The idea is that this receptor acts as a kind of automatic off-switch for these cells, making them reduce their firing in response to their own output, to keep them from firing too fast. There's a theory that this feedback can be a bad thing, because it stops antidepressants from being able to boost serotonin levels very much, although this is debated.

Anyway, it worked. The treated mice showed a strong and selective reduction in the density of the 5HT1A receptor in the target area (the Raphe nuclei containing serotonin cells), but not in the rest of the brain.

Note that this isn't genetic modification as such. The gene wasn't deleted, it was just silenced, temporarily one hopes; the effect persisted for at least 3 days, but they didn't investigate just how long it lasted.

That's remarkable enough, but what's more, it also worked when they administered the drug via the intranasal route. In many siRNA experiments, the payload is injected directly into the brain. That's fine for lab mice, but not very practical for humans. Intranasal administration, however, is popular and easy.

So siRNA-sertraline, and who knows what other drugs built along these lines, may be closer to being ready for human consumption than anyone would have predicted. However... the mouse's brain is a lot closer to its nose than the human brain is, so it might not go quite as smoothly.

The mind boggles at the potential. If you could selectively alter the gene expression of selective neurons, you could do things to the brain that are currently impossible. Existing drugs hit the whole brain, yet there are many reasons why you'd prefer to only affect certain areas. And editing gene expression would allow much more detailed control over those cells than is currently possible.

Currently available drugs are shotguns and sledgehammers. These approaches could provide sniper rifles and scalpels. But whether it will prove to be safe remains to be seen. I certainly wouldn't want to be first one to snort this particular drug.

ResearchBlogging.orgBortolozzi, A., Castañé, A., Semakova, J., Santana, N., Alvarado, G., Cortés, R., Ferrés-Coy, A., Fernández, G., Carmona, M., Toth, M., Perales, J., Montefeltro, A., & Artigas, F. (2011). Selective siRNA-mediated suppression of 5-HT1A autoreceptors evokes strong anti-depressant-like effects Molecular Psychiatry DOI: 10.1038/mp.2011.92

Wednesday, August 3, 2011

Antipsychotics - The New Valium?

Antipsychotics, originally designed to control the hallucinations and delusions seen in schizophrenia, have been expanding their domain in recent years.

Nowadays, they're widely used in bipolar disorder, depression, and as a new paper reveals, increasingly in anxiety disorders as well.

The authors, Comer et al, looked at the NAMCS survey, which provides yearly data on the use of medications in visits to office-based doctors across the USA.

Back in 1996, just 10% of visits in which an anxiety disorder was diagnosed ended in a prescription for an antipsychotic. By 2007 it was over 20%. No atypical is licensed for use in anxiety disorders in the USA, so all of these prescriptions are off-label.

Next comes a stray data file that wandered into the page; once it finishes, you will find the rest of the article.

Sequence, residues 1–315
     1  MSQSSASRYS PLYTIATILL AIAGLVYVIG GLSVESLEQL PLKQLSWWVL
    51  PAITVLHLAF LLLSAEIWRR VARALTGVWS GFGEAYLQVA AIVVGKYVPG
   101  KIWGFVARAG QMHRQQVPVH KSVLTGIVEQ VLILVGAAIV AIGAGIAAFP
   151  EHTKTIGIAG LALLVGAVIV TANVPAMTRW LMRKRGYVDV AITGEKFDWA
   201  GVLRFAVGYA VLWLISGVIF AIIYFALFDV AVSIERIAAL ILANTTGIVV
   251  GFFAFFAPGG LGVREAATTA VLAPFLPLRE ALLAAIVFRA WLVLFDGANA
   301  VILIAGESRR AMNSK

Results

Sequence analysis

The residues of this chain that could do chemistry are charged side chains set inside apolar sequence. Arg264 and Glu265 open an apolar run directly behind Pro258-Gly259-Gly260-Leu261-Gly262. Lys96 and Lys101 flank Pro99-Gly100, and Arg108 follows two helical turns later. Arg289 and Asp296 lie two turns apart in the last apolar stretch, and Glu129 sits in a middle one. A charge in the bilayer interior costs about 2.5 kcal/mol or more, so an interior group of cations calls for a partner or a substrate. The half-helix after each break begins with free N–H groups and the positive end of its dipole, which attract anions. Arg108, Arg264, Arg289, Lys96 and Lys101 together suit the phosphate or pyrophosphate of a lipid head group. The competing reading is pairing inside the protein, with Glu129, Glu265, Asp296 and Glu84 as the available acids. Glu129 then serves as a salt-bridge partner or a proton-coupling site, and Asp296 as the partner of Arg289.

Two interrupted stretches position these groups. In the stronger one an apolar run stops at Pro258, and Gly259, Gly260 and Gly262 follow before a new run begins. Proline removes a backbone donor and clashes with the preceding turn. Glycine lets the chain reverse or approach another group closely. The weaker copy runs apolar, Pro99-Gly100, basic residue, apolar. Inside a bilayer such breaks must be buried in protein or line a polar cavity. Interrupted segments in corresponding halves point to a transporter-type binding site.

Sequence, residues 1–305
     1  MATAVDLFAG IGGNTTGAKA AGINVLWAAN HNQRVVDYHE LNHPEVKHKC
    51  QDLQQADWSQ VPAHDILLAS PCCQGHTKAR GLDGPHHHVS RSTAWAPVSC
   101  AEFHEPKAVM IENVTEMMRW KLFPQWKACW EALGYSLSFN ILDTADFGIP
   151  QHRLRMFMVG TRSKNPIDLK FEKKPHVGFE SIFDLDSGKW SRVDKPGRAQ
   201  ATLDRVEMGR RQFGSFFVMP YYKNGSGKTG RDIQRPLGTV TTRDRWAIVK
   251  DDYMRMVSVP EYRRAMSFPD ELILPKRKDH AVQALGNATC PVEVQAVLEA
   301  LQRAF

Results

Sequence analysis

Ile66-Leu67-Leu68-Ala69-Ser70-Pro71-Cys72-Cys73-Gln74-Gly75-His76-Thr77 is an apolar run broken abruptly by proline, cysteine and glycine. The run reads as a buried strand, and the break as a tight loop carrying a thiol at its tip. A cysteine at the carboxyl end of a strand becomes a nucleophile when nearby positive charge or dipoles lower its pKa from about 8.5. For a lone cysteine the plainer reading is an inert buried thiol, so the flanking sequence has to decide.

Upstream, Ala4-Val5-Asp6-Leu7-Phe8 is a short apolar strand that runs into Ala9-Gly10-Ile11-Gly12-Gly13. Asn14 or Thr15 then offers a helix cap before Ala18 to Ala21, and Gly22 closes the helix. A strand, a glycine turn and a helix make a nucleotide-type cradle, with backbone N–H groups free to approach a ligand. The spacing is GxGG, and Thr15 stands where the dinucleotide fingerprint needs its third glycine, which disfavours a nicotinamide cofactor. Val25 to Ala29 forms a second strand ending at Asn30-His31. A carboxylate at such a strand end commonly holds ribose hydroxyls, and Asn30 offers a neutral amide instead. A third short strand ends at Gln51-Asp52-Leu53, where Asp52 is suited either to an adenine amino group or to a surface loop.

Not all of these prescriptions will have been for anxiety. They may have been prescribed to treat psychosis, in people who also happened to be anxious. However, the increase was accounted for by the rise in non-psychotic patients, and there was a rise in the rate of people with only anxiety disorders.

The increase was driven by the newer, "atypical" antipsychotics.

Whether the modern trend for prescribing antipsychotics for anxiety is a good or a bad thing, is not for us to say. The authors discuss various concerns ranging from the side effects (obesity, diabetes and more), to the fact that there have only been a few clinical trials of these drugs in anxiety.

But what's really disturbing about these results, to me, is how fast the change happened. Between 2000 and 2004, use doubled from 10% to 20% of anxiety visits. That's an astonishingly fast change in medical practice.

Why? It wasn't because that period saw the publication of a load of large, well-designed clinical trials demonstrating that these drugs work wonders in anxiety disorders. It didn't.

But as Comer et al put it:
An increasing number of office-based psychiatrists are specializing in pharmacotherapy to the exclusion of psychotherapy. Limitations in the availability of psychosocial interventions may place heavy clinical demands on the pharmacological dimensions of mental health care for anxiety disorder patients.
In other words, antipsychotics may have become popular because they're the treatment for people who can't afford anything better.

These data show that antipsychotics were over twice as likely to be prescribed to African American patients; the poor i.e. patients with public health insurance; and children under 18.

ResearchBlogging.orgComer JS, Mojtabai R, & Olfson M (2011). National Trends in the Antipsychotic Treatment of Psychiatric Outpatients With Anxiety Disorders. The American journal of psychiatry PMID: 21799067

Tuesday, August 2, 2011